It's Been a Good Ride with the Prelude

Tuesday, August 21, 2012 by Cy Chowattukunnel

I got the check today! Someone from Tennessee is buying my 1998 Honda Prelude SH, my third 5th-generation Prelude. I love the vehicle's styling - I see it as modern interpretation of the Avanti II.

Between the Tacoma, old ECOdiesel and the future BRZ, I can no longer keep this vehicle. Well, my loss is the new owner's gain.

Prelude drivers are an eclectic bunch. Most love the Prelude for its combination of styling, durability, longevity and overall handling. Back in the day, the Prelude SH was deemed the "Best Handling Car" under $30,000. So when it's time to get tires for your fifth-generation Prelude, make sure you pick the right ones.

Fifth-Generation (1997-2001) Honda Prelude 205/50R16 Summer Tires:

If you're in a warmer climate and absolutely love driving curvy roads and put relatively low miles on your Prelude, then consider the following options: Dunlop Direzza Z1 Star Spec, BFGoodrich g-Force Sport COMP-2 and the Bridgestone Potenza RE760 Sport.

205/50-16 Extreme Performance Summer Dunlop Direzza Z1 Star Spec $148*
205/50R16 Dunlop Direzza Z1 Star Spec
205/50-16 Ultra High Performance Summer BF Goodrich G-Force Sport COMP2 $115*
205/50R16 BFGoodrich g-Force Sport COMP-2
205/50-16 Ultra High Performance Summer Bridgestone Potenza RE760 $99*
205/50R16 Bridgestone Potenza RE760 Sport
  • When I sold the vehicle, I had the Dunlop Direzza Z1 Star Specs installed on the car. I love its dry grip, steering response and adequate wet grip for the category. What is the tire's weakness? The noticeable tread noise and somewhat rough ride on bad roads. 
  • Compared to the Z1 Star Spec, the BFGoodrich g-Force Sport COMP-2 offers less dry grip, better wet grip and slightly better road manners. 
  • Relative to the COMP-2, the Bridgestone Potenza RE760 Sport offers better ride compliance, a slightly less crisp steering response, less tread noise and a non-directional tread pattern. This non-directional tread design allows for rotation in an "X-Pattern" to avoid noisy heel-and-toe wear.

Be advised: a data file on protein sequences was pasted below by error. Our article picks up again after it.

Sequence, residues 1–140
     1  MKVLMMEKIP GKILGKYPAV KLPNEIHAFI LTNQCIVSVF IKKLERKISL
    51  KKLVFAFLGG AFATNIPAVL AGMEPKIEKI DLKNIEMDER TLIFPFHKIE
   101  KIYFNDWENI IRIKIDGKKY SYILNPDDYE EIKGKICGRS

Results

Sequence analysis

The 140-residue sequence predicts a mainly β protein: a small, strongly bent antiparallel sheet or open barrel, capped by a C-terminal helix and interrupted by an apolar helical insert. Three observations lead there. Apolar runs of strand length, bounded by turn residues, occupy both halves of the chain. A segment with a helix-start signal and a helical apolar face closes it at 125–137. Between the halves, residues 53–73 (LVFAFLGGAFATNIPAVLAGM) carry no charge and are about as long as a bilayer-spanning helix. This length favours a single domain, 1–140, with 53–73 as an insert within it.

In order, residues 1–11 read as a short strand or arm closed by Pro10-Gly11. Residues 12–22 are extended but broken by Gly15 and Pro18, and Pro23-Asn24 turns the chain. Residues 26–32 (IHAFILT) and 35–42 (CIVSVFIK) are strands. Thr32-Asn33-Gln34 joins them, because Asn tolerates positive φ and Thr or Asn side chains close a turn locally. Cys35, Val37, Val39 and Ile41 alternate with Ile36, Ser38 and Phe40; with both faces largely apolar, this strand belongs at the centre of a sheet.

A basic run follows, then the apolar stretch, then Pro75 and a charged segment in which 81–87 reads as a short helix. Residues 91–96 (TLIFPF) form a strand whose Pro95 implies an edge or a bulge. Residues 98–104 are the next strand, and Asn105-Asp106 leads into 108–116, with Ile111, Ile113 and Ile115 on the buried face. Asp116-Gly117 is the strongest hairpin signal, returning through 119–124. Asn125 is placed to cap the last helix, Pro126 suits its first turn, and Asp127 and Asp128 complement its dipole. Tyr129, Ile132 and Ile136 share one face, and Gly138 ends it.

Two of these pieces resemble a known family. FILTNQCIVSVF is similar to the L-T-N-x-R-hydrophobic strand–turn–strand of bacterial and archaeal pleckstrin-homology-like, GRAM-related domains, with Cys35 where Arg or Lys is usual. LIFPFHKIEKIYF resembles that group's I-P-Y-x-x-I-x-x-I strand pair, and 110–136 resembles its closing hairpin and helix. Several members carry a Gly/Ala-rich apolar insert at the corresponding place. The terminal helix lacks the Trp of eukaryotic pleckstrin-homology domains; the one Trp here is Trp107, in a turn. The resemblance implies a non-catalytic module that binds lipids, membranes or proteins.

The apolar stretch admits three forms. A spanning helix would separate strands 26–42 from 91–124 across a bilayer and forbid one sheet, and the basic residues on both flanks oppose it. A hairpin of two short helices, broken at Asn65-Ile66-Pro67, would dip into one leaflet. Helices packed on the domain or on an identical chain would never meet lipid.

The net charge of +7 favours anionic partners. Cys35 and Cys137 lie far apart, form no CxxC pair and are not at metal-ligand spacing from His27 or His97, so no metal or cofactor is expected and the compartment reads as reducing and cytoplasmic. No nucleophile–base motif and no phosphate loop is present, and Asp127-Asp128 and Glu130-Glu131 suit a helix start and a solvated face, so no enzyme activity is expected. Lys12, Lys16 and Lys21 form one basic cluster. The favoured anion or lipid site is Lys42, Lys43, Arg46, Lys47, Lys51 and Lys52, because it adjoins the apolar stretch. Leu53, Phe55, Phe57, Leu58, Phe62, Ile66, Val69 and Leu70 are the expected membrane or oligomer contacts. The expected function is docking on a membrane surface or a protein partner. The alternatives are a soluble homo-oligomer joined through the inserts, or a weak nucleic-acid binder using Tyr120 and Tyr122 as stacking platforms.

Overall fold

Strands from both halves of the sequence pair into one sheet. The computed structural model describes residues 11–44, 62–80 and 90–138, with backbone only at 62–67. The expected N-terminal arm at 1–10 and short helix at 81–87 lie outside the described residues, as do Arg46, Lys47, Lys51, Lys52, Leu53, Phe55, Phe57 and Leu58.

Fifth-Generation (1997-2001) Honda Prelude 205/50R16 All-Season Tires:

The fifth-generation Prelude's low ground clearance makes it less then ideal for the Snowbelt region. If you prefer an all-season tire for light snow traction and/or better wear, and are willing to give up some dry grip and steering response, then consider these Ultra High Performance All-Season tires: Kumho Ecsta 4X, Continental ExtremeContact DWS and General G-MAX AS-03.

205/50-16 Ultra High Performance All-Season Kumho Ecsta 4X $89*
205/50R16 Kumho
Ecsta 4X
205/50-16 Ultra High Performance All-Season Continental ExtremeContact $113*
205/50R16 Continental ExtremeContact DWS
205/50-16 Ultra High Performance All-Season General G-Max AS-03 $99*
205/50R16 General G-MAX AS-03
  • The Kumho Ecsta 4X provides crisp steering response for its category, decent dry grip and good wet traction. What are the concerns for this tire in the Snowbelt? It's unproven in the snow, and its predecessor, the Kumho Ecsta ASX, was average in light snow conditions.
  • Continental ExtremeContact DWS tires offer similar strengths with good snow traction, but after driving on the Ecsta 4X and the ExtremeContact DWS in separate comparison tests, the Kumho Ecsta 4X has a little crisper steering response. 
  • With a good steering response, the General G-MAX AS-03 provides less dry grip when compared to the Kumho Ecsta 4X and less snow grip compared to the Continental ExtremeContact DWS.

With so many great options to choose from, I'll definitely miss being a Prelude owner!

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